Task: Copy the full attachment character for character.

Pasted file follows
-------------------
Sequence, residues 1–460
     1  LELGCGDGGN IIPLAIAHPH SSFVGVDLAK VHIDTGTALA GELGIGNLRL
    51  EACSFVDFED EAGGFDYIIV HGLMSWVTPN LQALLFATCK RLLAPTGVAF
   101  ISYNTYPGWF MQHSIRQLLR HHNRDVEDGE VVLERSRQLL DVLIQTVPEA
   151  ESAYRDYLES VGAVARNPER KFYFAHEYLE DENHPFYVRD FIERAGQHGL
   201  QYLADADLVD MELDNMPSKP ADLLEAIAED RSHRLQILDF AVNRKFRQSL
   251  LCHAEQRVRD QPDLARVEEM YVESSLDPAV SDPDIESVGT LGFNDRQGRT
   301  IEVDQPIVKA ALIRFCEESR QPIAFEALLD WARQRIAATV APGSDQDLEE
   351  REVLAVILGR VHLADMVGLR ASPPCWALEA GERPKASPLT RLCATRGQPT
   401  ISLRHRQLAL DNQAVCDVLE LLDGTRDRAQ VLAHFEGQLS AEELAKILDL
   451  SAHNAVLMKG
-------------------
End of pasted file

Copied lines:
Sequence, residues 1–460
     1  LELGCGDGGN IIPLAIAHPH SSFVGVDLAK VHIDTGTALA GELGIGNLRL
    51  EACSFVDFED EAGGFDYIIV HGLMSWVTPN LQALLFATCK RLLAPTGVAF
   101  ISYNTYPGWF MQHSIRQLLR HHNRDVEDGE VVLERSRQLL DVLIQTVPEA
   151  ESAYRDYLES VGAVARNPER KFYFAHEYLE DENHPFYVRD FIERAGQHGL
   201  QYLADADLVD MELDNMPSKP ADLLEAIAED RSHRLQILDF AVNRKFRQSL
   251  LCHAEQRVRD QPDLARVEEM YVESSLDPAV SDPDIESVGT LGFNDRQGRT
   301  IEVDQPIVKA ALIRFCEESR QPIAFEALLD WARQRIAATV APGSDQDLEE
   351  REVLAVILGR VHLADMVGLR ASPPCWALEA GERPKASPLT RLCATRGQPT
   401  ISLRHRQLAL DNQAVCDVLE LLDGTRDRAQ VLAHFEGQLS AEELAKILDL
   451  SAHNAVLMKG